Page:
SALA Awards & Opportunities
Each year we recognise South Australian artists, and the venues that support them, in the SALA Awards.
All awards in 2023 were open exclusively to registered SALA Festival participants and free to enter.
Tips for 2024
While you wait to find out which awards are on offer in 2024, here are some tips for applying:
Check the Terms & Conditions.
Not all awards are the same. Some awards have narrower eligibility than others, and you might waste your time applying for something that you are ineligible for. Some awards come with obligations (such as a supported exhibition, or a presentation). If the winner is not able to fulfill these obligations, it may result in the award being forfeited.
Complete the application form yourself where possible.
Gallery staff may support an artist to make an award application, but it is important that the artist will be able to comply with the Terms & Conditions. Anyone can make a user account in the SALA Online Portal, and quote the Registration ID assigned to your exhibition/event in the award application form.
Don’t copy & paste the same statement across multiple award applications.
Some of the award applications are quite general, but others may have specific questions. Not answering the question can rule out an otherwise compelling entry.
City of Adelaide Incubator Award
The City of Adelaide Incubator Award recognises an artist whose work explores and/or celebrates the experience of the City. The award welcomes work that reflects Adelaide’s Dynamic City Culture, a city that celebrates diverse community, culture, and creativity. Artwork that connects to Adelaide’s identity as a cultural centre for playful, thought provoking, and world class art experiences will be preferred.
This award is open to artists at any stage of their career, working in any medium, whose work explores and/or celebrates the experience of the City, and who are taking part in a SALA exhibition within the City of Adelaide in 2023.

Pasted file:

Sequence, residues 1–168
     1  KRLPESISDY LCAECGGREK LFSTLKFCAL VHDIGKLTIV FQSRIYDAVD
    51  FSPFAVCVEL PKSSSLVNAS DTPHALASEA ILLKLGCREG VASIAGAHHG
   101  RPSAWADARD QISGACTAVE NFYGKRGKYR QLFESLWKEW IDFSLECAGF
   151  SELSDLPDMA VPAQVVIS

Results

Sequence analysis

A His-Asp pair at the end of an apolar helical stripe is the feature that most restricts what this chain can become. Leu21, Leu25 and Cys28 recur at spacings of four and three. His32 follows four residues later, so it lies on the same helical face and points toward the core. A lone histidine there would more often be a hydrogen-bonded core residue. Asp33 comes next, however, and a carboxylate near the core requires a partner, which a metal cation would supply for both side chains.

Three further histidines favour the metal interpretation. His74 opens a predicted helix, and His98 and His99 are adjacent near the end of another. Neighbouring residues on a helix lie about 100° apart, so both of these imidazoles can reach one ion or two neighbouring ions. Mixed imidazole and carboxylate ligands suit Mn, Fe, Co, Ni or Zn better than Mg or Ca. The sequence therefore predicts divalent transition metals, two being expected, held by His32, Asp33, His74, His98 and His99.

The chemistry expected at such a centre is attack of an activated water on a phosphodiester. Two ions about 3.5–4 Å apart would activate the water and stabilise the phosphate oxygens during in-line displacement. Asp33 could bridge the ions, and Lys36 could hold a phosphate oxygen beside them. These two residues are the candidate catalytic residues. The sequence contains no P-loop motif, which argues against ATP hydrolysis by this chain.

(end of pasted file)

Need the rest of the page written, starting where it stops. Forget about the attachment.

Prize: $7,000 + winner required to participate in one public program (artist talk, in-conversation, etc) with the City of Adelaide in 2024, sharing with the community their creative practice and how it has evolved as a result of the award.
City of Unley Active Ageing award
For artists over the age of 60 to celebrate the City of Unley’s involvement with SALA and its commitment to promoting and supporting an active ageing approach. Both traditional and contemporary artworks are encouraged.
Prize: $2,000 and an exhibition space in Unley at Hughes Gallery for SALA 2024.
Don Dunstan Foundation Award
For artists whose work explores social justice themes which align with the objectives and priorities of the Don Dunstan Foundation including homelessness; mental health; migration (including cultural and ethnic diversity); economic equality and justice; Aboriginal economic empowerment and reconciliation; human rights; or Don Dunstan himself.
SALA Solo Photographic Opportunity
For an artist exhibiting photographic work in SALA Festival 2023, to support them in presenting a solo photographic exhibition of new work in the following year as part of the 2024 SALA Festival.
Prize: a supported solo exhibition in SALA 2024
- Printing of artwork at Atkins Lab & consulting with Paul Atkins (valued at $5,500)
- Mentorship from Gavin Blake (Director of the Centre for Creative Photography) (valued at $3,500)
- Exhibition space at praxis ARTSPACE for SALA Festival 2024 (August 2024) & curatorial assistance from Patty Chehade (valued at $3,500)
- Premium registration in SALA Festival 2024 (valued at $540)
Frequently Asked Questions
Click the ‘+’ symbol to expand and see the answer.
2024 key dates to be announced in 2024.
Most awards open Wednesday, 1 March 2023 and close Wednesday, 17 May 2023. Check each award listing for the specific dates.
Artists should complete their own applications for the SALA Awards where possible.
that artists self-nominate for the awards. If your artist needs assistance in nominating for an award, we recommend that you use the artist’s own words and ensure that any specific questions are answered.
Artists and venues that are participating in a registered SALA exhibition/event are encouraged to self-nominate for the SALA Awards. Each award has different criteria and some result in an opportunity so it’s important to read up on each award before nominating.
Nominations will be accepted from someone representing the nominee (a curator, support worker, or friend) who can fill out the form on their behalf. It is imperative that you check with the person before nominating them for an award that carries a resulting opportunity (eg, an exhibition the following year) to ensure that they consent to being nominated and are capable of following through with any associated opportunities.
For most of the SALA Awards, the first round of judging is based on the nomination form and yields a selection of finalists. All applicants will be advised of the outcome of their application via the email address provided in the form.